Green House Homes Featured on NPR

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I chatted with Dr. Bill Thomas during the grand opening of the Green Houses in Virginia.

In case you missed it, listen to this terrific All Things Considered segment, Move Over Nursing Homes — There’s Something Different. The July 23, 2013 radio story describes a visit to a Green House community in Baltimore and features Dr. Bill Thomas, the geriatrician who created the concept of elder care communities that help  residents maintain as much independence as possible.

The reporter also interviews staff members and residents who describe their daily lives the Baltimore community.

Interesting Points in the NPR Story Continue reading

New Yorker Article on New Models of Long-term Elder Care

This is the issue where the article appeared.

This is the issue where the article appeared.

If you can locate a copy of The New Yorker May 20, 2013 article The Sense of An Ending by Rebecca Mead, it’s well worth reading because of its focus on new models of providing care to fragile elders with dementia illnesses in nursing homes. The article extensively describes the Beatitudes Campus in Arizona, but it also mentions The Green House Project and the Pioneer Network. The Beatitudes model and The Green House Project  share many approaches.

So I was excited during dinner with friends last month when one of the people at the table, a neurologist, mentioned The New Yorker article, saying how excited he was to learn about new models that completely change the way we deliver care  to fragile elders, especially those with memory impairments. After he spoke at length about the article — which I had not read yet — I shared information and my blog posts about the new Woodland Park Green Houses in Harrisonburg, VA. Our physician friend seemed really eager to learn a lot more.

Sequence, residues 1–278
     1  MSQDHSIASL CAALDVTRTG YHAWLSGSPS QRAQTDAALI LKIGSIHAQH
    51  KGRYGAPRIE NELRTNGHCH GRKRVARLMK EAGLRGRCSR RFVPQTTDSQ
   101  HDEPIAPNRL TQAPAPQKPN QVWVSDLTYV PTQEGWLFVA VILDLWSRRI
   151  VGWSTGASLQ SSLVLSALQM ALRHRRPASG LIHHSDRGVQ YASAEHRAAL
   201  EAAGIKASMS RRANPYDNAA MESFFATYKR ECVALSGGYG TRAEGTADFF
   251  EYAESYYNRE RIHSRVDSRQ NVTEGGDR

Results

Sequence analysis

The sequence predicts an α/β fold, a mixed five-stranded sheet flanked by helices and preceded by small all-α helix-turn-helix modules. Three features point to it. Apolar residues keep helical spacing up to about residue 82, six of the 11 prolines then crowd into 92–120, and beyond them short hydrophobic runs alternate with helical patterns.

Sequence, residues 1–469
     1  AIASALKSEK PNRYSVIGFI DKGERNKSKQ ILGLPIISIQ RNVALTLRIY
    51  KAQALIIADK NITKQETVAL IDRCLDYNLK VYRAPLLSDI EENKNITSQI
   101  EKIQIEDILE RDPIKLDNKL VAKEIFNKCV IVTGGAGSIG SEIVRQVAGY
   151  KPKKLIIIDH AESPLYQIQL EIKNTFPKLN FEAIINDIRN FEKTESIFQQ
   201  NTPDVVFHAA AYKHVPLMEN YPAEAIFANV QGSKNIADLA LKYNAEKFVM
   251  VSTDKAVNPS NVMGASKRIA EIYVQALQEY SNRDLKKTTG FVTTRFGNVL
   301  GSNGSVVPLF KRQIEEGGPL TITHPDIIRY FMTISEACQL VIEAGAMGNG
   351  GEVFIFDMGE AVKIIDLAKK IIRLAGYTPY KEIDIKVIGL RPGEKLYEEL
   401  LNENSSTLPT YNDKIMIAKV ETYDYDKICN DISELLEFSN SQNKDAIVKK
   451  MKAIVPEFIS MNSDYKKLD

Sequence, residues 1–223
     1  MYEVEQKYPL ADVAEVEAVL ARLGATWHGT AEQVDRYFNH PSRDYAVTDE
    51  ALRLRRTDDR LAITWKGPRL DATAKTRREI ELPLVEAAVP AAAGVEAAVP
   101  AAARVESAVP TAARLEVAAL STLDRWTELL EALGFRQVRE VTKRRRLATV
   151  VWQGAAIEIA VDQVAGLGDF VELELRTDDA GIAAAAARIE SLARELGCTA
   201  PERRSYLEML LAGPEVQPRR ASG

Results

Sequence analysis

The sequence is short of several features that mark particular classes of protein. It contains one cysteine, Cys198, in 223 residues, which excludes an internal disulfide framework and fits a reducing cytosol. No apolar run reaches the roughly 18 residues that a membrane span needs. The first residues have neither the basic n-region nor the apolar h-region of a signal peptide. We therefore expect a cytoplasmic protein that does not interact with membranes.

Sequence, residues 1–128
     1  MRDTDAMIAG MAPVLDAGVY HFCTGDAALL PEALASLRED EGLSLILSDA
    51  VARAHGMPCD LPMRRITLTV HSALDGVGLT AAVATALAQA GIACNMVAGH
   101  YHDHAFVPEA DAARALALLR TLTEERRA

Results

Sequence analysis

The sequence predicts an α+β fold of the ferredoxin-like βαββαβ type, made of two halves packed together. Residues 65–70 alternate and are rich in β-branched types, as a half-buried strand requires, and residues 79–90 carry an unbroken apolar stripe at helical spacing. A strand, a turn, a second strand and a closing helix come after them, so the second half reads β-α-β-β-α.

I”ve spent the past several years learning as much as I can about The Green House Project, primarily because my parents live at Virginia Mennonite Retirement Community (VMRC), where the Woodland Park community recently welcomed new residents. However, I’ve been so focused on this small Virginia project (but huge in spirit and dedication) that I’ve not thought much about how people can share information on the amazing changes that are taking place in long-term nursing care.

Certainly educating neurologists — the physicians all over the country who provide medical care to people with dementia and Alzheimer’s and who may, in the long run, be asked for their thoughts on the types of memory care that are available to families is a path to consider.

Fact Sheets Can Help Families With Caregiving Responsibilities

tip sheetsWhen a family member requires caregiving support, sometimes you just want a list where you can check off  tasks or a summary document that outlines the full range of your responsibilities.

The Family Caregiver Alliance – National Center on Caregiving, a San Francisco organization that assists family members who need information on long-term care issues, offers materials that can help adult children and spouses understand as much as possible about the complex and confusing world of caregiving.

According to the organization’s press release and website, the fact and tip sheets aim to help families navigate through the personal, legal and financial decisions that adult children and spouses must make when they care for elders with Alzheimer’s disease, stroke or brain trauma. I’ve downloaded several of these resources documents and they are excellent and comprehensive.

A library of more than 65 documents provides information on a wide range of topics relating to family caregiving. Links to just a few are below.       Continue reading

Sharing Bible Study With Residents at VMRC’s Woodland Park

Front entrance with its own address -- just like any other home.

Check out the new Green House Homes @ Woodland Park.

My father, a retired minister, and my mother are leading a short Bible study once a week at Woodland Park, Virginia Mennonite Retirement Community’s (VMRC), newly opened  Green House Homes. The weekly activity is engaging and fun for mom and dad, and they enjoy sharing scripture as well as music with the group members. Most of the participants who choose to attend are physically fragile and some also have significant memory loss.

Each Thursday my parents bring a lesson, as much as possible, from the weekly lectionary – the three-year cycle of Bible readings that corresponds with the events of the Christian church liturgical year. Many ministers base their Sunday sermons on these readings, and many churches schedule their Bible study groups to help members learn more about the lectionary passages prior to the Sunday service when the passages are read during worship.